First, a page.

Compare any two graphics cards:
GeForce GTX 260 vs GeForce GTX 650
IntroThe GeForce GTX 260 has a GPU core speed of 576 MHz, and the 896 MB of GDDR3 RAM runs at 999 MHz through a 448-bit bus. It also is made up of 192 Stream Processors, 64 Texture Address Units, and 28 Raster Operation Units.
Compare those specifications to the GeForce GTX 650, which makes use of a 28 nm design. nVidia has set the core speed at 1058 MHz. The GDDR5 RAM works at a speed of 1250 MHz on this particular card. It features 384 SPUs along with 32 Texture Address Units and 16 ROPs.
(No game benchmarks for this combination yet.)
Power Usage and Theoretical Benchmarks
Power Consumption (Max TDP)
In theory, the GeForce GTX 260 should perform quite a bit faster than the GeForce GTX 650 overall. (explain)
Texel RateThe GeForce GTX 260 will be just a bit (approximately 9%) better at anisotropic filtering than the GeForce GTX 650. (explain)
Pixel RateIf using a high screen resolution is important to you, then the GeForce GTX 650 is the winner, but it probably won't make a huge difference. (explain)
Please note that the above 'benchmarks' are all just theoretical - the results were calculated based on the card's specifications, and real-world performance may (and probably will) vary at least a bit.
Please note that the price comparisons are based on search keywords - sometimes it might show cards with very similar names that are not exactly the same as the one chosen in the comparison. We do try to filter out the wrong results as best we can, though.
Memory Bandwidth: Memory bandwidth is the maximum amount of data (in units of megabytes per second) that can be moved across the external memory interface in one second. The number is worked out by multiplying the card's bus width by its memory speed. If the card has DDR type RAM, the result should be multiplied by 2 again. If DDR5, multiply by ANOTHER 2x. The higher the bandwidth is, the faster the card will be in general. It especially helps with anti-aliasing, High Dynamic Range and high resolutions.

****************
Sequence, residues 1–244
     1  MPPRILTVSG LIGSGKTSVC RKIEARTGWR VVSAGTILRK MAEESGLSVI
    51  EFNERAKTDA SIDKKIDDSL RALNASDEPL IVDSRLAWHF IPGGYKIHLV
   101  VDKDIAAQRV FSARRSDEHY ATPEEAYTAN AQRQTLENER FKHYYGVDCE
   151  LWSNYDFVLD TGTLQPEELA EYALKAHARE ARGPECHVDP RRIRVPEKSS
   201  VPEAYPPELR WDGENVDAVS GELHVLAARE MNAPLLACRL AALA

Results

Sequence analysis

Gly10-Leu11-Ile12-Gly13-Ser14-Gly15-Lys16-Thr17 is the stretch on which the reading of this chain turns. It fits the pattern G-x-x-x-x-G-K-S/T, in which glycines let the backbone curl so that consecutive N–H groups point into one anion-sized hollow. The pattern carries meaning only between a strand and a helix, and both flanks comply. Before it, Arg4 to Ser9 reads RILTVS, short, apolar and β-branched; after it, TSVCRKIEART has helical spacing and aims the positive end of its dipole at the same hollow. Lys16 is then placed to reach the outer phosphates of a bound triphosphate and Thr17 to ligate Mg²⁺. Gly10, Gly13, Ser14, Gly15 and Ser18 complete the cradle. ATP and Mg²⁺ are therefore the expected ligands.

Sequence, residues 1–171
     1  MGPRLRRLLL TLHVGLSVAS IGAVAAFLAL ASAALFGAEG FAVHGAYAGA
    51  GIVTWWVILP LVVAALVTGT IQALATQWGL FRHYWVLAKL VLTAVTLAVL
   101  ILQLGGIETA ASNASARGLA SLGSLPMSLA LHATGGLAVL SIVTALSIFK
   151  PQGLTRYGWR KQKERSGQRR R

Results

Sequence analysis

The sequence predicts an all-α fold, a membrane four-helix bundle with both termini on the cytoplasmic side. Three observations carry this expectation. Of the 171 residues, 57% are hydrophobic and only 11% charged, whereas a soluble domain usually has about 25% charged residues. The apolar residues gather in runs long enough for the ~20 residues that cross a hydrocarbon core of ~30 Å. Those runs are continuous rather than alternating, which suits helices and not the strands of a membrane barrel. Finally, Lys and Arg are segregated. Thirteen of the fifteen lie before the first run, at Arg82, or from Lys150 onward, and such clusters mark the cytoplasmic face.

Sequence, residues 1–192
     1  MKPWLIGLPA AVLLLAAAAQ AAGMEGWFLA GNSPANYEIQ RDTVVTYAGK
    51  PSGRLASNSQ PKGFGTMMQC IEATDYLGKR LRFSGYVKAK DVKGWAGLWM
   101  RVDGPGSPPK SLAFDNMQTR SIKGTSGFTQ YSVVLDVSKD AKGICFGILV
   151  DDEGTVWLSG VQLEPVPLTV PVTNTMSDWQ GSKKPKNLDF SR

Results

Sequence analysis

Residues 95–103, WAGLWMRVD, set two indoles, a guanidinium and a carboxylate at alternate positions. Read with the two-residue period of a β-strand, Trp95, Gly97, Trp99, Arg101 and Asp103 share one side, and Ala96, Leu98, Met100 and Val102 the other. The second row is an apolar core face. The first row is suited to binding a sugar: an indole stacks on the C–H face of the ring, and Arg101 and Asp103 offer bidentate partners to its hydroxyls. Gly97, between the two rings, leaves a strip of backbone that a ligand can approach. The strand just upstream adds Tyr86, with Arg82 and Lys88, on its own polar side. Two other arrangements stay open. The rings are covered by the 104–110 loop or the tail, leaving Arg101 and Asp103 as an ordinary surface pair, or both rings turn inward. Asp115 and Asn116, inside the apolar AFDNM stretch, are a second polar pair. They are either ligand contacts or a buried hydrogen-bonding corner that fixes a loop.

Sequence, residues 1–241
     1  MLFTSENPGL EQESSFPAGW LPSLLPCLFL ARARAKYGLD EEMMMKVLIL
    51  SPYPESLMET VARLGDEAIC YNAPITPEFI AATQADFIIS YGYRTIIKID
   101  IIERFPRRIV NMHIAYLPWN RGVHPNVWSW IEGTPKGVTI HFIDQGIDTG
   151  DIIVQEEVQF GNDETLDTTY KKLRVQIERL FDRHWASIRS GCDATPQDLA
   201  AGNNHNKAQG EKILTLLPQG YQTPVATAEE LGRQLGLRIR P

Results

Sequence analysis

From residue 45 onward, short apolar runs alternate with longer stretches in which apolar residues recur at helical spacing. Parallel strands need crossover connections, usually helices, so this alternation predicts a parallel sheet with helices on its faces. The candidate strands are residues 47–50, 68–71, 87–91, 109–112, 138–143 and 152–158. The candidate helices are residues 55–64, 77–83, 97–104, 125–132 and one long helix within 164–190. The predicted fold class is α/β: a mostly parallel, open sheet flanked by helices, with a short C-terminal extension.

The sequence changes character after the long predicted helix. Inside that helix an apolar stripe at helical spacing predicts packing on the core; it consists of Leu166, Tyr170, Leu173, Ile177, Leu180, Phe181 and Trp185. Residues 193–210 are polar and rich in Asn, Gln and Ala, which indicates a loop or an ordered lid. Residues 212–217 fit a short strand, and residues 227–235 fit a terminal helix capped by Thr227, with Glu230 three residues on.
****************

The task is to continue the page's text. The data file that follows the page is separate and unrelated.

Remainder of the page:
Texel Rate: Texel rate is the maximum amount of texture map elements (texels) that are processed in one second. This figure is calculated by multiplying the total amount of texture units of the card by the core speed of the chip. The higher the texel rate, the better the video card will be at handling texture filtering (anisotropic filtering - AF). It is measured in millions of texels processed per second.
Pixel Rate: Pixel rate is the maximum amount of pixels the video card could possibly record to the local memory in one second - measured in millions of pixels per second. The figure is calculated by multiplying the amount of colour ROPs by the the card's clock speed. ROPs (Raster Operations Pipelines - also called Render Output Units) are responsible for filling the screen with pixels (the image). The actual pixel output rate is also dependant on lots of other factors, most notably the memory bandwidth - the lower the bandwidth is, the lower the ability to reach the max fill rate.